SVN: How many kids to do the morning news broadcast? Do you also do a weekly broadcast? Special events coverage?
TJ: We have 20 students who do our daily announcement program: 2 cam ops, 1 anchor, 1 weather, 1 director, 1 asst director/graphics operator. The rest of the team have weekly assignment posts: They go out and cover all the aspects of the school and produce 60-90sec packages: ie: this week in science or construction or agri etc.
We do cover all special events of our district- talk shows, concerts, school dedications, special guests etc.
Our films air once a month and our Sports broadcast is weekly.
SVN: What jobs do the kids do? Do the kids rotate through on-air talent and crew positions or are they “hired” for a specific task?
TJ: The students are trained in every aspect of news production. Then they are free to rotate if so desired.
SVN: Do students audition for on-air positions?
TJ: I don’t audition them…I let them decide what they would like to try then I train them and tweek them to get better at their respective positions
SVN: Do they write the content?
TJ: I write the scripts for the anchors: but the field crews write all their own material
SVN: How long does the show run?
TJ: Our daily announcement program is 10 minutes
Our films are between 5-20 minutes (usually have 4 new films a month)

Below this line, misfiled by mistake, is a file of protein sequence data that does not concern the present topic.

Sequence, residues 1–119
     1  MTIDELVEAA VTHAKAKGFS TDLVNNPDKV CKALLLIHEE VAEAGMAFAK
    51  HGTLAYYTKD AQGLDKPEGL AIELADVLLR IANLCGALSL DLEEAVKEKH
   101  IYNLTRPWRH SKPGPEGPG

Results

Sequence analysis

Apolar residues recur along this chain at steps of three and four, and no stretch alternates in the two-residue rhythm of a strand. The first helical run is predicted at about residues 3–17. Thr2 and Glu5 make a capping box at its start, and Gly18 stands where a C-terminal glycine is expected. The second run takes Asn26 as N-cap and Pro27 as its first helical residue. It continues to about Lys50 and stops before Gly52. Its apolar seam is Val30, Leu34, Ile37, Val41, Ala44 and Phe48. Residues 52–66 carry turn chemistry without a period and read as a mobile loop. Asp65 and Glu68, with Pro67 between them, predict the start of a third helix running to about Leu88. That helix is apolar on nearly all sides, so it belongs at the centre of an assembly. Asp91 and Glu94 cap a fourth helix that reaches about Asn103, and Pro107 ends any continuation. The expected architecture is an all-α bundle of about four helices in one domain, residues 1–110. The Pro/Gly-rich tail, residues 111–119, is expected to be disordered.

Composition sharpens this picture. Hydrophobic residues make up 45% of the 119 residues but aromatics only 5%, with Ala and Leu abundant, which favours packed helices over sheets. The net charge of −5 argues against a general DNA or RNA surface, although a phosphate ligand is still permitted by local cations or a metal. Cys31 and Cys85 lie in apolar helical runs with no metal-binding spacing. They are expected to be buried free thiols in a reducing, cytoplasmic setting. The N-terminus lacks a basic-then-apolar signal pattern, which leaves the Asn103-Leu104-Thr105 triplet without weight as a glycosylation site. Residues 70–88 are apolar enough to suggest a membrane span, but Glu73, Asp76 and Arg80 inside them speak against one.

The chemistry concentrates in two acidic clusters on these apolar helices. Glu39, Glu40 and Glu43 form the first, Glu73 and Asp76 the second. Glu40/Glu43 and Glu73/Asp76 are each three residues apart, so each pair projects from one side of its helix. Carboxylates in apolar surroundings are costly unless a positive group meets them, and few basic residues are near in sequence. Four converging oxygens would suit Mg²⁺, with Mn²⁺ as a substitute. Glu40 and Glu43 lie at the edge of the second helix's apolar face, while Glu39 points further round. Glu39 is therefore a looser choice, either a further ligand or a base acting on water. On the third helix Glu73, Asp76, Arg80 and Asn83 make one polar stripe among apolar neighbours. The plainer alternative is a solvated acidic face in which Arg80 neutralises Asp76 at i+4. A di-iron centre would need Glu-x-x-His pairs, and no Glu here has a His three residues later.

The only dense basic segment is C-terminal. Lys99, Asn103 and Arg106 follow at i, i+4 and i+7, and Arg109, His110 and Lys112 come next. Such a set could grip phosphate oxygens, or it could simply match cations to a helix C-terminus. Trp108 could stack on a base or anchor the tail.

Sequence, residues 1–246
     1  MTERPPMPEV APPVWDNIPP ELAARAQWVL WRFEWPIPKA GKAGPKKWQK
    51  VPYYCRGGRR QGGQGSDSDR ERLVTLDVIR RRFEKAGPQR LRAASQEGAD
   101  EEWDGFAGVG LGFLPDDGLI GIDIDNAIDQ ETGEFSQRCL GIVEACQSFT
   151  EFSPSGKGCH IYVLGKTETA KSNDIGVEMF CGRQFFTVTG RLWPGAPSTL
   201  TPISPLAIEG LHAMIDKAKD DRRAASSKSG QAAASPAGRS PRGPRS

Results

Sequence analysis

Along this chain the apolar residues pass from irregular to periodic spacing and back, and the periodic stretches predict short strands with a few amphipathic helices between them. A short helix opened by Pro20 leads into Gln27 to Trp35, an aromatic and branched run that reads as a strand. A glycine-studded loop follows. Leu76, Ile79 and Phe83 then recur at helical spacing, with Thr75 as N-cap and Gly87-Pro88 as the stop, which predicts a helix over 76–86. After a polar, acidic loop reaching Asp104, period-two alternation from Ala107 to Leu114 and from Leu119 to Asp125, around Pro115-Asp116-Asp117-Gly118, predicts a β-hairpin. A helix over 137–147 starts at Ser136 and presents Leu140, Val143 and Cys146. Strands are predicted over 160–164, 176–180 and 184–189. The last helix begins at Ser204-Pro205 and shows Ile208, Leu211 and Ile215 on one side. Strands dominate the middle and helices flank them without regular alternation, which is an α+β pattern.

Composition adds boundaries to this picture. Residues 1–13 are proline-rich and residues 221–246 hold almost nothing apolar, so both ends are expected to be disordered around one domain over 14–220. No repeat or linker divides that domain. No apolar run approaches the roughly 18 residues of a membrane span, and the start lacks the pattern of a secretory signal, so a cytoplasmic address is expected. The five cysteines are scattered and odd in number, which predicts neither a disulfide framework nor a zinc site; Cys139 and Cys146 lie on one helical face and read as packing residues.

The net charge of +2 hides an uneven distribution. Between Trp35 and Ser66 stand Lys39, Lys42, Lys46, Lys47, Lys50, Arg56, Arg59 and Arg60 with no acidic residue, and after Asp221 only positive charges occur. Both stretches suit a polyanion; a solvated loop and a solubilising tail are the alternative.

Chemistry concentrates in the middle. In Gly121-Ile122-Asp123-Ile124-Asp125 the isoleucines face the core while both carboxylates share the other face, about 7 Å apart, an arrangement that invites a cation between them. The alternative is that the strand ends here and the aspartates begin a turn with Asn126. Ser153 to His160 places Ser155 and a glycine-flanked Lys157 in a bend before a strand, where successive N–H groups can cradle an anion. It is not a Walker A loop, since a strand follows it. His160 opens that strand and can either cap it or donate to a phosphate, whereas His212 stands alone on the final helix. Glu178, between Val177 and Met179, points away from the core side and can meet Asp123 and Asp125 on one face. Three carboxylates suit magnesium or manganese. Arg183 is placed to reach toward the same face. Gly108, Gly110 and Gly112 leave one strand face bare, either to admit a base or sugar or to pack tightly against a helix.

Our sports program is between 15-20 minutes
SVN: Do you submit programming to independent contest such as those sponsored by StudicaSkills and SchoolTube TV?
TJ: We participate in several contests: Skills USA, Arkansas Scholastic Press Association, AETN Film Festival, ADE Film Festival, T Tauri Film Festival, and soon to come Student Television Network
SVN: Can your broadcast be viewed outside the school? District-wide? Local cable access? On your school/district web-site?
TJ: Yes, we have a local access channel in the city of Springdale. We are working on getting our webpage more up to speed
SVN: Do you have an equipment list you can share with our readers?
TJ: I use the Panasonic AG-DV 60 3CCD mini dv cameras: I use them particularly because they have XLR inputs and a viewfinder. Professional cameras don’t have LCD monitors so I don’t want the students getting use to flipping open the LCD monitor…I want their eyes firmly placed inside that viewfinder.
SVN: Have any quick start tips!
TJ: Watch for production value: instead watching the shots ask yourself “where did that camera person have to stand to get those shots” “What questions did the reporters ask to get those soundbytes”
Watch the directors commentary on EVERY movie you rent: Its like having your very own film study class in your living room.
Most importantly: think like a professional. Don’t just watch tv or film…try to figure out how it was made and ask yourself…”could I do that”
Remember you don’t need the best equipment in the world.. your brain, passion, and creativity are the tools that will make you successful. Study your art, be technically sound, always laugh and ALWAYS MEET YOUR DEADLINE!